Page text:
HL Deb 05 April 1922 vol 50 cc35-41

Order of the Day for the Second Reading read.


My Lords, this Bill, to which I hope you will give a Second Reading to-night, is designed to facilitate the introduction of a new industry into these Islands—namely, the production of fur. The world demand for fur has increased with extraordinary rapidity during the last generation. I am sure noble Lords saw with their own eyes, when there was a period of prosperity among the working classes during the war, what a tremendous increase there was in the number of fur coats to be seen in every street. The result of that very great increase has been a tendency to kill the animals producing the fur at a greater rate than nature can reproduce them, and perhaps it is natural that, as a consequence, a large industry has grown up in Canada, and more recently in America, for the production of fur from animals bred in captivity on fur farms. The American Government, particularly, is taking a great deal of trouble to encourage that industry within its own sphere, and they hold the view, I believe, that ten years hence almost the entire supply of ordinary furs will come from fur farms.

In London we have by far the greatest market for furs in the world, and if it could be proved that the production of fur could be profitably carried on in these Islands it would naturally be to our advantage if some of the money that now goes abroad in the purchase of furs could be diverted to producers in Scotland. There is reason to believe, from experiments which have been made during the last year or two in Scotland and Northumberland, that the climatic conditions of these Islands are suitable to the production of fur. Those who have been concerned in these experiments, especially my noble friend, Lord Leven, sitting behind me, have throughout been in closest contact with Sir Robert Greig of the Scottish Ministry of Agriculture, and the experiments have been carried on with the co-operation and good will of the Scottish Office. I have also had the privilege of conversations with the advisers of my noble friend. Lord Ancaster, and I think I may fairly claim that the objects of those who are promoting this Bill have at all events the sympathies of the noble Lord's advisers.

With one possible exception to which I will allude in a minute, I do not think that there is anything that could be called contentious in this Bill. It is possible that the noble Earl, Lord Ancaster, may tell me that a great deal of this Bill is unnecessary, and that his Department have already the powers which this Bill proposes to confer on them. If that is proved to be the case, I shall naturally fall in with any advice given to me by the noble Earl, but as at present advised, I am not quite clear that in every respect his Department has the powers which we seek to confer upon it by this Bill.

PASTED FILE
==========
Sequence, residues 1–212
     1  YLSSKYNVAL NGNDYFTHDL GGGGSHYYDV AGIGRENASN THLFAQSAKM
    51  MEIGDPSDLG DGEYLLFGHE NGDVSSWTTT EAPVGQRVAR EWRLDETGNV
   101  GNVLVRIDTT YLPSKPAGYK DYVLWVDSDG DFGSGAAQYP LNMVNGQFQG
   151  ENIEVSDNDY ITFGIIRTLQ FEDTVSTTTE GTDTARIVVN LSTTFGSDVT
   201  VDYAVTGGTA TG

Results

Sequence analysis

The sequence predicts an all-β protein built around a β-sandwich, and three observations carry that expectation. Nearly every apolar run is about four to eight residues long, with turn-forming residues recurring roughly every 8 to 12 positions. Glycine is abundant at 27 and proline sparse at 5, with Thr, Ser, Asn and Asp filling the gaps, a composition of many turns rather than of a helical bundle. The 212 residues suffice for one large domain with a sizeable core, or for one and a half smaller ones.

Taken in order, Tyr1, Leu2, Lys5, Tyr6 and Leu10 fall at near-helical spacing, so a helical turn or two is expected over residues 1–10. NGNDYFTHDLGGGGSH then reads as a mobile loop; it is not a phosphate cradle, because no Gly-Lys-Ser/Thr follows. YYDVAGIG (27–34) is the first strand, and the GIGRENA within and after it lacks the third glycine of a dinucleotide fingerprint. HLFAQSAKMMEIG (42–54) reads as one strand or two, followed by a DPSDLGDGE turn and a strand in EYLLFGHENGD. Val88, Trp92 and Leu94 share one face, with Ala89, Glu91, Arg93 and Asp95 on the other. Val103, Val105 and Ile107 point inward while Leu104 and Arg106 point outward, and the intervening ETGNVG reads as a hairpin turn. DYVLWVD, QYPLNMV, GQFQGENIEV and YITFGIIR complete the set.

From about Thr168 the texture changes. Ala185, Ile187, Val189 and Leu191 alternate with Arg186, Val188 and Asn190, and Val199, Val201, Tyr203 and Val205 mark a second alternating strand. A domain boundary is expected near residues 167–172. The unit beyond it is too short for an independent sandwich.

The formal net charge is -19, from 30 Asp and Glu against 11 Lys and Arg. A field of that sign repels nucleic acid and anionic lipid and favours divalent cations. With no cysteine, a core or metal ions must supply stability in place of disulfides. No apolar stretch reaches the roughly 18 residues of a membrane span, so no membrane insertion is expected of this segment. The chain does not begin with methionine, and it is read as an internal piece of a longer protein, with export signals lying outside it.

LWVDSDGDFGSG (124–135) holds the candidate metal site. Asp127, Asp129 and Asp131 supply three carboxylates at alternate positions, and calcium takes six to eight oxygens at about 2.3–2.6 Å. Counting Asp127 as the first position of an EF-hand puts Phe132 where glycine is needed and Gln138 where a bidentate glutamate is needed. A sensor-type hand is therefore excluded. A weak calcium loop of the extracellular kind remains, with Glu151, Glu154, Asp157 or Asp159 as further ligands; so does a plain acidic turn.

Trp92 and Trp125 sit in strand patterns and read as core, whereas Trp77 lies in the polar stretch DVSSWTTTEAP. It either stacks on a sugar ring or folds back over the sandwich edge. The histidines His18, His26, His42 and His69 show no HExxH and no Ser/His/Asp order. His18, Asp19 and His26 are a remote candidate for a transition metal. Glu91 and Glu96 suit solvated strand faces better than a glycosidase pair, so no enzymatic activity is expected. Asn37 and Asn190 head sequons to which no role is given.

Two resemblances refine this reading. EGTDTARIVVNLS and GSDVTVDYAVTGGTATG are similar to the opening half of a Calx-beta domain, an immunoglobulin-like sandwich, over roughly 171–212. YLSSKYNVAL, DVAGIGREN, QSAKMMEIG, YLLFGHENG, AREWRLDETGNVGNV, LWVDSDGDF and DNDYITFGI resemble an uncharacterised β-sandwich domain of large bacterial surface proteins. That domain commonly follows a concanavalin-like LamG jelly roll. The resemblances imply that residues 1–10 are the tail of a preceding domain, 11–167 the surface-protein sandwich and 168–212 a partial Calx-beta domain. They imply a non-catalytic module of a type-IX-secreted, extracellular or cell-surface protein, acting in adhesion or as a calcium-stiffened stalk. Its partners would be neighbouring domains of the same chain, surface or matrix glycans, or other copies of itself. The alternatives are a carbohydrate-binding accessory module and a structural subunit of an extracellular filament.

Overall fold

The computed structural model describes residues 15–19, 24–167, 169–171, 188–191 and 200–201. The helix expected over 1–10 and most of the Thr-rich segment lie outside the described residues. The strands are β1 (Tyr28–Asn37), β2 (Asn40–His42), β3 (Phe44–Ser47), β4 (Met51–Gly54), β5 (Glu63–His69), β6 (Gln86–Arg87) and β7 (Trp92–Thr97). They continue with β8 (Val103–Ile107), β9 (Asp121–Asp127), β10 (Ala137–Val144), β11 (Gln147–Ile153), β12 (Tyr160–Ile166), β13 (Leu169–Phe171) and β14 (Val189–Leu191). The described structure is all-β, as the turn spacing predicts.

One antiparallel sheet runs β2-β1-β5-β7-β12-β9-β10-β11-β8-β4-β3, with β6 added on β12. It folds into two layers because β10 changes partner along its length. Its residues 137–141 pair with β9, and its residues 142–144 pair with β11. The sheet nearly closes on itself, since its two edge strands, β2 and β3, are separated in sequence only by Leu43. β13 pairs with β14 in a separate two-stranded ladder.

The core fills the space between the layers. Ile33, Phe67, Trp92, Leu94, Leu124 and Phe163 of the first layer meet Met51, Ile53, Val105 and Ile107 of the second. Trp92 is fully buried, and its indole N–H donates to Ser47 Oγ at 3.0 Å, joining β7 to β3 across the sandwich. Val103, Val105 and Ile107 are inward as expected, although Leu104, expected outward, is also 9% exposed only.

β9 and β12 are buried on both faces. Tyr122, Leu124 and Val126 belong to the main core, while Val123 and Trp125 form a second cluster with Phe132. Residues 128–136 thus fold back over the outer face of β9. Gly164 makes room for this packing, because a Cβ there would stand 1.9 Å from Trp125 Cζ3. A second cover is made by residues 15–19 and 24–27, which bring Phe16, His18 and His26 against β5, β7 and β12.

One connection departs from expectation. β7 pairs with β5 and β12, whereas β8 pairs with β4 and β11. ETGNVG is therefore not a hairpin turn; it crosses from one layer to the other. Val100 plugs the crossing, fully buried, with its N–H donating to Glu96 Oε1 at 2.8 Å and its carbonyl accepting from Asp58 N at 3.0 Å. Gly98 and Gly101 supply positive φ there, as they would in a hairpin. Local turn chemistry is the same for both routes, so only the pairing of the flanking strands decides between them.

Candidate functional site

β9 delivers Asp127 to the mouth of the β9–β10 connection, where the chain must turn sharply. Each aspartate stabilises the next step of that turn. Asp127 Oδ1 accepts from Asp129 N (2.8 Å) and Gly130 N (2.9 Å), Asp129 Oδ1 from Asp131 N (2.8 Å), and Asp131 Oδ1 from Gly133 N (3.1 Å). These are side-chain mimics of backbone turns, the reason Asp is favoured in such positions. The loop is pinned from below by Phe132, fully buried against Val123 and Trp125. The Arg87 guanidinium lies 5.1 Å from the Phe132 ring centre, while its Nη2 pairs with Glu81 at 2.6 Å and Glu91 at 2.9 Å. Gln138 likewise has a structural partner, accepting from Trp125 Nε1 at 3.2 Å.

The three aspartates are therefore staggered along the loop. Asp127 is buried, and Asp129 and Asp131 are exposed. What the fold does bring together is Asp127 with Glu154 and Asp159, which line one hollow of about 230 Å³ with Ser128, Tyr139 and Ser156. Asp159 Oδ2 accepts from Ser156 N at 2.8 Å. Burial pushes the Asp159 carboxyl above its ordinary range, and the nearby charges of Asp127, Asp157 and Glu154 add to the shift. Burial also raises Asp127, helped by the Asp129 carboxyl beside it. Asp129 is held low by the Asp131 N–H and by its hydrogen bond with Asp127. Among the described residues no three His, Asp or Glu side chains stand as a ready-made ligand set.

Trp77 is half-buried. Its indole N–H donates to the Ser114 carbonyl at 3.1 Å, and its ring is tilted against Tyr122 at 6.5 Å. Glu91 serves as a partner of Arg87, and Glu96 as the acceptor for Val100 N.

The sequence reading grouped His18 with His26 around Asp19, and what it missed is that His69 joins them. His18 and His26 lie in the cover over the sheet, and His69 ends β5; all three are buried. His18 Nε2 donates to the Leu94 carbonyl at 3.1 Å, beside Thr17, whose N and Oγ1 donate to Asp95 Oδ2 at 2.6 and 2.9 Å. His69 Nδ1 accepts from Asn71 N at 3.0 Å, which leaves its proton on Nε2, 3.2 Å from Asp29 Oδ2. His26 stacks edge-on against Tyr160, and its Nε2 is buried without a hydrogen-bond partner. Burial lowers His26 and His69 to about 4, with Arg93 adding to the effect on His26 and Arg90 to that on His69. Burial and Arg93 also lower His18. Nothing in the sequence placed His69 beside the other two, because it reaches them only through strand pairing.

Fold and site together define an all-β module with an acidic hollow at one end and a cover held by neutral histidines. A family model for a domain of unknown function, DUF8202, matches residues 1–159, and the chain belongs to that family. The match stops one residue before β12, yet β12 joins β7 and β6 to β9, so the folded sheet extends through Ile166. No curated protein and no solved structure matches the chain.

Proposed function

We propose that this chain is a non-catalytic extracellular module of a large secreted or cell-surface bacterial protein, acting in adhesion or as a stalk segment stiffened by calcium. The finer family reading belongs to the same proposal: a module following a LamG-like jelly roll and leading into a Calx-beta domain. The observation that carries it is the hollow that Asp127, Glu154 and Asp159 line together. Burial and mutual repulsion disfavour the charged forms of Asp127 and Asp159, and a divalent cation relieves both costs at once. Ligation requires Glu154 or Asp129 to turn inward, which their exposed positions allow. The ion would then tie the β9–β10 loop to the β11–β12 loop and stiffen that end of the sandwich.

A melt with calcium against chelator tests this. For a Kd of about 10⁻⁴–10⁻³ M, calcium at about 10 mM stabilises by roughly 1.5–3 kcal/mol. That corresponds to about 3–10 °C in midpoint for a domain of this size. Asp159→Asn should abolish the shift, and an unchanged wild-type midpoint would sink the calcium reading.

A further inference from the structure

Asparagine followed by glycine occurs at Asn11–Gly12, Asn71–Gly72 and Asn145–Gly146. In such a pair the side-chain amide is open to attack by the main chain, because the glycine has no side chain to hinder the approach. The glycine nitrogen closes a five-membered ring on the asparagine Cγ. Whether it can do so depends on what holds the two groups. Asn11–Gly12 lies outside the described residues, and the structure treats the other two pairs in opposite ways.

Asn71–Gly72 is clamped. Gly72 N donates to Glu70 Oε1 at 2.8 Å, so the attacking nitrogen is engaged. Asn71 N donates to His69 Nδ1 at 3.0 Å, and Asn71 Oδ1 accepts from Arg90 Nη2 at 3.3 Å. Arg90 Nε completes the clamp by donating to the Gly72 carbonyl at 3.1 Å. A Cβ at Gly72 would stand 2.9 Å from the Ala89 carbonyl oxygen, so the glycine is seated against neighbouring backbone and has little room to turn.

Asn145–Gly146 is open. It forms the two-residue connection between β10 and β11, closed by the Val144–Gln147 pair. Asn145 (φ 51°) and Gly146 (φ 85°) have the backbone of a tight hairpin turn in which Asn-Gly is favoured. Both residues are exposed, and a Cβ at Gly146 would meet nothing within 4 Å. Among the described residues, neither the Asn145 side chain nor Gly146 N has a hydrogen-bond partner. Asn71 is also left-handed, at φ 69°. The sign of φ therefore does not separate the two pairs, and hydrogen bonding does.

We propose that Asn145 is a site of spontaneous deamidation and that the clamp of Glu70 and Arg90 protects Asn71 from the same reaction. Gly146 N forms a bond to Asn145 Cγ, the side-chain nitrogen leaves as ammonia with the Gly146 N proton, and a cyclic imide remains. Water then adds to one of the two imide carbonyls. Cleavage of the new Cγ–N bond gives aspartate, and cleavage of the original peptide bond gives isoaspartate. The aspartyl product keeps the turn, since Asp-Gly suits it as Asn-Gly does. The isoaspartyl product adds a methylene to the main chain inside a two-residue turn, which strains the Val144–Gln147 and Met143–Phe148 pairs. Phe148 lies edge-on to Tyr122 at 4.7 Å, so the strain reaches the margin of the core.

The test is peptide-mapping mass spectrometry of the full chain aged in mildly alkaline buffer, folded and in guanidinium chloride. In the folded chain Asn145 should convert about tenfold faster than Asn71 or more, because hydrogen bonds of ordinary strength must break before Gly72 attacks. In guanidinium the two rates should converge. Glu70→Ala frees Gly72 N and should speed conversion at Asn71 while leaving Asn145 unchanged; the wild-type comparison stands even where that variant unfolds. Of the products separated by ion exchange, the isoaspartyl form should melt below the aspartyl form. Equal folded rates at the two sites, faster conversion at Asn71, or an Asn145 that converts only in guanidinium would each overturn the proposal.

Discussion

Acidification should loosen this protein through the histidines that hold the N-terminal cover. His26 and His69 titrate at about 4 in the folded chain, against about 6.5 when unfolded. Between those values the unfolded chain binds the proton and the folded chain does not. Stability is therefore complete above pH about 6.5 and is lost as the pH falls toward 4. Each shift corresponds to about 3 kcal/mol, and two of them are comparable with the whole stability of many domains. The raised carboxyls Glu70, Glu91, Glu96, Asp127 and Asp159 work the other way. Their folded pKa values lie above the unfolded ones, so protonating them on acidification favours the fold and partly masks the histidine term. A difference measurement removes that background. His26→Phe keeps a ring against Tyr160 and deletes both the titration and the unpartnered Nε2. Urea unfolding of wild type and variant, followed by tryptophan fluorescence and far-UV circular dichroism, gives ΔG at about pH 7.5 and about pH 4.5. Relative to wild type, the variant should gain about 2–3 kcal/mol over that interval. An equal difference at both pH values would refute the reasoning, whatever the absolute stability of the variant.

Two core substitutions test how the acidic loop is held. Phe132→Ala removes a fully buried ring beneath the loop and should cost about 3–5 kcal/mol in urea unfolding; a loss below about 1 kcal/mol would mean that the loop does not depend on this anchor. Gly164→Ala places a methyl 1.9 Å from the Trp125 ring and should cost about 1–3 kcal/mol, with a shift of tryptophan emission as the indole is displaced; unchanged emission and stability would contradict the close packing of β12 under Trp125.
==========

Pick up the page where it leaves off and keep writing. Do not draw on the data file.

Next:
The one contentious point, or possible contentious point, lies in the introduction of the word "breeding" into the second clause of this Bill. I propose in this Bill to confer upon the Ministry of Agriculture the power, in deciding whether a certain animal shall be admitted or shall not be admitted, to consider its breeding. What that is intended to cover is this. The silver black fox, which is probably the most profitable animal bred in captivity, is not a species. The silver black fox is the result of crossing red foxes on scientific principles. The dead silver black fox is a very valuable thing, and the live animal is still more valuable, but the difficulty that those of us who wish to start industry see ahead of us in this country is that the investor in Scotland or in England might be tempted to buy what he would imagine were valuable black foxes at a high price, import them into this country, and then be disappointed to find that they were nothing but red pups If your Lordships were to grant power to the Ministry of Agriculture to say that the question of breeding shall be taken into account in licences to import, I think the way that would work would be that silver black foxes would not he admitted into this country unless they were in the Canadian or American stud books. The industry is properly regulated, and there are stud books in those countries recognised by the Government. I do not think, therefore, that it would be at all difficult to make arrangements to secure adhesion to that provision.